The adrenal gland is responsible for producing two kinds of signaling molecules: steroid hormones, produced in the outer adrenal cortex, and catecholamines, generated in the adrenal medulla. Steroids can further be divided into mineralocorticoid (aldosterone), glucocorticoid (cortisol) and androgen (dehydroepiandrosterone [DHEA] and dehydroepiandrosterone-sulfate [DHEA-S]) classes. Each of these steroids is stereotypically produced by histologically differentiable cells in a particular layer of the adrenal cortex—the outermost zona glomerulosa produces aldosterone, the middle zona fasciculata produces cortisol, and the innermost zona reticularis produces DHEA and DHEA-S. Control of steroid hormone production and release, however, occurs outside of the adrenal gland; aldosterone is primarily controlled by the renin-angiotensin system and cortisol is regulated by adrenocorticotropic hormone (ACTH) from the pituitary gland, which itself is regulated by hypothalamic secretion of corticotropin-releasing hormone (CRH). Although DHEA-S is the most abundant androgen in serum, the control and function of DHEA and DHEA-S are less well understood.
Similar to the rest of the endocrine system, each of the steroid hormones produced by the adrenal gland can be pathologically elevated or pathologically absent. Specific to steroid producing tissues, two additional types of pathologies occur in the adrenal gland. The first is a defect in enzymatic activity leading to the absence of one steroid and to overproduction of a precursor steroid, with predictable off-target effects (e.g. congenital adrenal hyperplasia). The second defect is an alteration of timing of steroid production/release (e.g. premature adrenarche).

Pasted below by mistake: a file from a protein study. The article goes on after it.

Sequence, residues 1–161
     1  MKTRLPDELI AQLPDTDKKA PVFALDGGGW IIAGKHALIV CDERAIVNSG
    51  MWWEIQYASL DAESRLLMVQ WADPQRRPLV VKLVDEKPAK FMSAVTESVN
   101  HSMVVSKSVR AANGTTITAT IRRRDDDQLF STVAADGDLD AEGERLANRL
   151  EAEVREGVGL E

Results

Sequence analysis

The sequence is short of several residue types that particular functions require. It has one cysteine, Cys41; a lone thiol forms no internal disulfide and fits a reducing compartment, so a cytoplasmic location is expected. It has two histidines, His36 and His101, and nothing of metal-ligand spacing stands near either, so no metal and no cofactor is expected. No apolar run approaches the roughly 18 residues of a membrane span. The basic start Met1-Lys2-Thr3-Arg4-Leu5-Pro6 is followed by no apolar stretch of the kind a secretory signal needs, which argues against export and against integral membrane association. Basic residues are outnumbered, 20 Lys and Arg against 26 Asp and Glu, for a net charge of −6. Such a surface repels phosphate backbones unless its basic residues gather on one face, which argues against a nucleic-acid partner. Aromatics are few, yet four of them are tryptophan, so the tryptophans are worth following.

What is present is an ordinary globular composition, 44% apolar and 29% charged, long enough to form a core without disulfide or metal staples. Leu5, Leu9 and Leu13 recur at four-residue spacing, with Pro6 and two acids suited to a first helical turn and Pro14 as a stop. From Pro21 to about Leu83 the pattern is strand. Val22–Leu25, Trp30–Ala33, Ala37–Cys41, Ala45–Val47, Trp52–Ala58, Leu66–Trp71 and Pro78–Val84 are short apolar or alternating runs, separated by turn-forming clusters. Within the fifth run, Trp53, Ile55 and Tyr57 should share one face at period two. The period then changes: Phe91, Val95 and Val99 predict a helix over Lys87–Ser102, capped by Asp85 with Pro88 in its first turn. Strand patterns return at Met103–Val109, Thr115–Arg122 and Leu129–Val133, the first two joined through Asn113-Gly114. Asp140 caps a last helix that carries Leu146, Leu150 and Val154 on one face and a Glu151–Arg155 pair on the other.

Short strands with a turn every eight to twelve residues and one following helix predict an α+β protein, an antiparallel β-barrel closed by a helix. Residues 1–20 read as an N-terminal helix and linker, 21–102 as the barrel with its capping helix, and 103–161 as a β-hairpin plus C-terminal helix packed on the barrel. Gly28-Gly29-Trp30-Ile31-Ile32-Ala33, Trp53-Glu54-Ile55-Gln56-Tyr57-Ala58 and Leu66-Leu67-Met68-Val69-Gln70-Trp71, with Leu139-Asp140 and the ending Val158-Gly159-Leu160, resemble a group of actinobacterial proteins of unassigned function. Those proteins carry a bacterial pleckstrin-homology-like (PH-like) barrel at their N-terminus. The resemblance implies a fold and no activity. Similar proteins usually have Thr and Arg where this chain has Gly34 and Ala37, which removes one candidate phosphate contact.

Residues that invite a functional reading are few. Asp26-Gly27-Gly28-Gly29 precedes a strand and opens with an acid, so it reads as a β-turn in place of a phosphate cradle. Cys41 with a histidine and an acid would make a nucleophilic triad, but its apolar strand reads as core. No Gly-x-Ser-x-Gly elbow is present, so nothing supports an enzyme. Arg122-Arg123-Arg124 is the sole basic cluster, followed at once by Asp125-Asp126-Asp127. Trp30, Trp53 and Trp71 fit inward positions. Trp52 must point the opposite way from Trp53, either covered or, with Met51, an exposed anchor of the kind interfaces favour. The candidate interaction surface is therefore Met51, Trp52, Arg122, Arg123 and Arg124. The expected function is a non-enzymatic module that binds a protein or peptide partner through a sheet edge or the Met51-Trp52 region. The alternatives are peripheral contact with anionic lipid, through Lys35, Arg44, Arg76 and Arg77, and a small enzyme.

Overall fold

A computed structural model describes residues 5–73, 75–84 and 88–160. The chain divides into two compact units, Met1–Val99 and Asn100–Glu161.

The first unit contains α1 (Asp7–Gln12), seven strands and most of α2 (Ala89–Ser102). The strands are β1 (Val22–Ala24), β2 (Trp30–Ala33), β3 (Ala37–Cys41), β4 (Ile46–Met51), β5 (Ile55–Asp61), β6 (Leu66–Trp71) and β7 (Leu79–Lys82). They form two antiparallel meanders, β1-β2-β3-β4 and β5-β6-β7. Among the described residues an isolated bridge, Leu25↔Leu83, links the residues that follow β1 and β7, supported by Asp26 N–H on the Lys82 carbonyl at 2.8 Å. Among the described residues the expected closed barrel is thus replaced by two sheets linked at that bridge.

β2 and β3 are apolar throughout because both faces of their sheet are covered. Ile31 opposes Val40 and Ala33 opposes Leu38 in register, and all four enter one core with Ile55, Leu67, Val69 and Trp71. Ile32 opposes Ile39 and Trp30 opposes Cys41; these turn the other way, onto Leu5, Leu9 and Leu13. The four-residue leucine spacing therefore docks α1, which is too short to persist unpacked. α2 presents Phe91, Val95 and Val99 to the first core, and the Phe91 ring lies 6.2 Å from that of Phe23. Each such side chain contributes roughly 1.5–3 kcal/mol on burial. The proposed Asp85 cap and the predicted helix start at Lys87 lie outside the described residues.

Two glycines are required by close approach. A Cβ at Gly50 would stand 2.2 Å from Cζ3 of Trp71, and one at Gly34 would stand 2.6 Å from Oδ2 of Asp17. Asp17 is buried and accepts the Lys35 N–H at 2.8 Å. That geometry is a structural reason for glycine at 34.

Hypothalamic CRH stimulates pituitary ACTH secretion. ACTH regulates adrenal glucocorticoid secretion and is secreted in a pulsatile fashion with amplitude that normally varies as a function of the time of day. This variation is the cause of the diurnal pattern of cortisol secretion. Cortisol secretion is highest early in the morning prior to waking, decreased in the afternoon to evening, and lowest at midnight, or 2 hours after sleep. Negative feedback on the synthesis and secretion of ACTH and CRH is provided by cortisol.1 In addition to this seemingly simple feedback loop, inflammation, via interleukin-6, stimulates ACTH production leading to cortisol secretion.
Mineralocorticoids maintain electrolyte equilibrium, stabilizing blood volume and blood pressure. They control sodium reabsorption in exchange for potassium in the distal tubule of the kidney. Glucocorticoids are “stress hormones,” and thus they have metabolic activities increasing glucose availability in seemingly counterintuitive ways. They have catabolic effects—increasing protein degradation in muscle, skin, and peripheral adipose tissue, and anabolic effects—enhancing the ability for gluconeogenesis at the liver and increasing central fat storage. In addition, glucocorticoids are permissive for the vasoconstrictive actions of catecholamines.1 Synthetic analogues of glucocorticoids demonstrate variable anti-inflammatory/gluconeogenic activity, and have variable salt-retaining properties. Androgens promote the growth of pubic and axillary hair.
Aldosterone production and secretion is regulated by renin, and to a lesser degree, serum potassium levels.2 Renin is produced in the ...